I said no, it's because he's autistic. Lo and behold, she didn't know. Her eyes opened wide, she took a step towards us, hands outstreched, palms upwards. We'd just informed her that a tragedy had struck our family. She was confused and wanted to make us feel better. 'But he looks so normal', she said. 'And he's very clever.' Yes, I said. Autistic people are not abnormal, and some of them are very clever. I was probably a bit short. It had been a long day. I'm sorry for it as her reaction came from the heart. It was well meant.
For a lot of people - including most of us parents, for a few weeks after we find out - an autism diagnosis is a tragedy. An autistic child is perceived as a failure and a liability. A failure not because parents could have done better and produced a more 'normal'child, but because people feel that a child with autism will never be happy or fulfilled. That child's future is already crossed off in black in their mind.
Now, I don't go for autism 'cures' and all that claptrap. I fail to see how a condition that is fundamentally a set of facts about how the brain functions could be eradicated. As I wrote in a previous post, the closest to something resembling a cure you can come to is that you learn to deal with sensory overload, learn to behave as neuro-typicals would, you learn to respond in certain ways and you learn to suppress inclinations to behave in ways that would be perceived as weird or disruptive.
But none of that means that I believe my child's future as an autistic adult is hopeless. Except for the most severe cases of autism, there's really no reason why an autistic adult shouldn't leave a fulfilling independent life. Sure, they're going to have problems that neuro-typicals don't typically encounter. And that's to do with the fact that they'll be part of a not very well understood or accepted minority.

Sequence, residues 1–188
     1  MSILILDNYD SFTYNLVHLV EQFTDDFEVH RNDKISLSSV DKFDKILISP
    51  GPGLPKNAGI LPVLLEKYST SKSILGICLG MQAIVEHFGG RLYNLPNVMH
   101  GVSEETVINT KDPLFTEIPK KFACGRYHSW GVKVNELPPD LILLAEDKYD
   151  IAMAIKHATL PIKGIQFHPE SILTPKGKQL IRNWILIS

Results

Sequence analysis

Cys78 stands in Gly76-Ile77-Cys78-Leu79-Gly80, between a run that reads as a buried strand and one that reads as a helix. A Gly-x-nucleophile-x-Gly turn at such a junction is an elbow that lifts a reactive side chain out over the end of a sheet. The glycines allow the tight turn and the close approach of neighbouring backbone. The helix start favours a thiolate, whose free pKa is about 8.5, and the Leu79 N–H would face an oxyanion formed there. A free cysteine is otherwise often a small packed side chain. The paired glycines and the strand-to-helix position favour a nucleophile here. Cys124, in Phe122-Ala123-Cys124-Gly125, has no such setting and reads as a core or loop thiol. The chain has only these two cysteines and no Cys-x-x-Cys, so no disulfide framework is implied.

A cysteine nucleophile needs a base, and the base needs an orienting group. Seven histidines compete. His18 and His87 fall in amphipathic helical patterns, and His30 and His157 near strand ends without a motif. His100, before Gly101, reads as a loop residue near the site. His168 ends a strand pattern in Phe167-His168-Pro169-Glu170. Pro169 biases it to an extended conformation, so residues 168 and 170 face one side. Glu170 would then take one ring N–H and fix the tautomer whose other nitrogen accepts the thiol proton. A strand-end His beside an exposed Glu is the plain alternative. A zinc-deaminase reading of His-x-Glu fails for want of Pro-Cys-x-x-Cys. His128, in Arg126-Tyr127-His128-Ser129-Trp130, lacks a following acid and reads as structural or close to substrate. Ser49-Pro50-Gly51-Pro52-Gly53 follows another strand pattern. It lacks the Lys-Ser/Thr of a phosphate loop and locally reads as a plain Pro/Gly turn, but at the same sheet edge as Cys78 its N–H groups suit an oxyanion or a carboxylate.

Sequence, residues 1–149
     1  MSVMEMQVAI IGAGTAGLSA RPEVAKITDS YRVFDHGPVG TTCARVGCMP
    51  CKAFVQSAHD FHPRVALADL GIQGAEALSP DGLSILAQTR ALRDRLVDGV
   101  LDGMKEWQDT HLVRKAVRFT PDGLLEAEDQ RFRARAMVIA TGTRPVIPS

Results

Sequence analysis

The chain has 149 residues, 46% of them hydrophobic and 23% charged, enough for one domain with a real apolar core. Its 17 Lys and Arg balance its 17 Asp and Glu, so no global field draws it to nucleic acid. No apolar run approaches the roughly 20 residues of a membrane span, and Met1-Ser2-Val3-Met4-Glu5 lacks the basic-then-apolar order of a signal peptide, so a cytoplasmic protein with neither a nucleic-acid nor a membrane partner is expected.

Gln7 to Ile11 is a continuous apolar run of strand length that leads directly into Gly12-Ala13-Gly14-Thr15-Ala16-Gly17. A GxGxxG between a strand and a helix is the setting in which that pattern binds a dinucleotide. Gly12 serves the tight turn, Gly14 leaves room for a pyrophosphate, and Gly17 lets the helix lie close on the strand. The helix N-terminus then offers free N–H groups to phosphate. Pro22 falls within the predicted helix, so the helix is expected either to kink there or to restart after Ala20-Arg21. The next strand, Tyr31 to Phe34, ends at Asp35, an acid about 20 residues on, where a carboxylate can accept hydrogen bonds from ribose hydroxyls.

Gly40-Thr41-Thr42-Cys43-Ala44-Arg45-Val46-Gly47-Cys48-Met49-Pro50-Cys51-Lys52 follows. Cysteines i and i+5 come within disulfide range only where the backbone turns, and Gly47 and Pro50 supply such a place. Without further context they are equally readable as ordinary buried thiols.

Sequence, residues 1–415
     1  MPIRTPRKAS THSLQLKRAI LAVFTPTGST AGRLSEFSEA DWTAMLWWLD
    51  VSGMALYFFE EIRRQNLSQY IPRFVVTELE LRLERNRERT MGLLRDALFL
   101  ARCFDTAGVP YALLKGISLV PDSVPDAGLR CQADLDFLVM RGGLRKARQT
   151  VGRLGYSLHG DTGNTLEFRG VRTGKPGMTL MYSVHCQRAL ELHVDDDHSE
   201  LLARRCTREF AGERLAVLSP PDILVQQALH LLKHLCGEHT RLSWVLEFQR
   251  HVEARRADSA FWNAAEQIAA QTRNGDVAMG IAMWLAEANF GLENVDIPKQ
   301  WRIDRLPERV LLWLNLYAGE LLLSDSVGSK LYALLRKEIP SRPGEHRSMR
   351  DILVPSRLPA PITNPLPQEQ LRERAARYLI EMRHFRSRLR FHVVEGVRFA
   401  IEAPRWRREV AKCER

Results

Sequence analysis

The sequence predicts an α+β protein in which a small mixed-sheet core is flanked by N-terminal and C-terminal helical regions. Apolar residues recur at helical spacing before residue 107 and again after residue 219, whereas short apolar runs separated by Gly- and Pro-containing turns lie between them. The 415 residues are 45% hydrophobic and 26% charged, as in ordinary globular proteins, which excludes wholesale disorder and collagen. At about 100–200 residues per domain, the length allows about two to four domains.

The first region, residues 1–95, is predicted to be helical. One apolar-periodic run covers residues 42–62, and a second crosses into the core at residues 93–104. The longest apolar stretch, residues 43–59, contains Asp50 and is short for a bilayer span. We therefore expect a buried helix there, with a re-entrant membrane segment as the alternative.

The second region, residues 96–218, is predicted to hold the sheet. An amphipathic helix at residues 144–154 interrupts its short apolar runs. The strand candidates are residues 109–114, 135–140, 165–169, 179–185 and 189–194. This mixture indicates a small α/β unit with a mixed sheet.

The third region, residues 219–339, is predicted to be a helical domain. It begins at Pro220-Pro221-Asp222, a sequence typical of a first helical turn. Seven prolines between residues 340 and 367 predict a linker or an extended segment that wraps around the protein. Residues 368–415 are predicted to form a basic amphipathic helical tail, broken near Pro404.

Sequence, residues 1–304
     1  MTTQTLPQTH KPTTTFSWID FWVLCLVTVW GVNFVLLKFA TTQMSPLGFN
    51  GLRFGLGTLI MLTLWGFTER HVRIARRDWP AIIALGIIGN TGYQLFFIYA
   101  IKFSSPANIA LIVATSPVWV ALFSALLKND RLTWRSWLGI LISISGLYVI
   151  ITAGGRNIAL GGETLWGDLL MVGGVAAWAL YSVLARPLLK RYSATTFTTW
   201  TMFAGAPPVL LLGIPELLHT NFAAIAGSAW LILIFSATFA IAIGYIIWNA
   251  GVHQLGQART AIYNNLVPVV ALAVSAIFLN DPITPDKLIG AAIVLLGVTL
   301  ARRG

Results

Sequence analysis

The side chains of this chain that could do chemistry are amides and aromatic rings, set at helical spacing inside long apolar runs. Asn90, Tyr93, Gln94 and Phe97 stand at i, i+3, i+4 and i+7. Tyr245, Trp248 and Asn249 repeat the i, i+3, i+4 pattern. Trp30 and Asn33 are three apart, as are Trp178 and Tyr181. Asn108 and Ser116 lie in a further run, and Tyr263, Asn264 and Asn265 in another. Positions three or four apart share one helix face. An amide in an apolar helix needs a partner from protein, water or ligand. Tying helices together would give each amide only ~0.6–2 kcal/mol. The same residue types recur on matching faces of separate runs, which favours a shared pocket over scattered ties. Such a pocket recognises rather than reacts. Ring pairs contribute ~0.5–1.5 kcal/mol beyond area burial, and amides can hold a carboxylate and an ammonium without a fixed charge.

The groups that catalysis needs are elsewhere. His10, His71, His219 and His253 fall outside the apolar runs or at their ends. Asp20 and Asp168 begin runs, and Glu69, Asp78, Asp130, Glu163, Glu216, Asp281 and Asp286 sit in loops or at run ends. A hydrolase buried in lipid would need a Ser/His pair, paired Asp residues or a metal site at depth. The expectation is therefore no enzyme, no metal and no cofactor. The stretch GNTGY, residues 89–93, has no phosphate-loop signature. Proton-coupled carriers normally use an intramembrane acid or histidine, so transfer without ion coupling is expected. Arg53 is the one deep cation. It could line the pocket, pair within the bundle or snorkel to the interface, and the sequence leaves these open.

So it's not rare that I get the suffering silent stare when I tell people my son has autism. By contrast, if I try and talk to them about actual problems we face because of his autism they tend to trivialise them.
- We have sleeping problems, I say.For each of these problems people will tell me that their children are going through exactly the same thing. Well they're probably not, not all of them together, anyhow. Not unless their children are autistic too.
- So do we.
- Potty training is hard.
- Yes, it is for all of us.
- He doesn't like to go to school.
- Well, lots of children don't.
- He won't brush his teeth and has to go to the dentist. He has big tantrums. He's not speaking well.
- Yes, yes, we have all these problems too.
Take the tooth brushing thing. Throughout his early childhood Max regularly got abcesses because of his teeth. At the dentist, we were told he had to be operated under anaesthesia. They got pissed off with him because he wouldn't stay still enough to take an X-ray. They couldn't understand why we wouldn't just make him. They took out four teeth and repaired several others. When we went back to have placeholders put in his mouth so that the teeth wouldn't move around too much, he refused to open his mouth. So now god knows what will happen.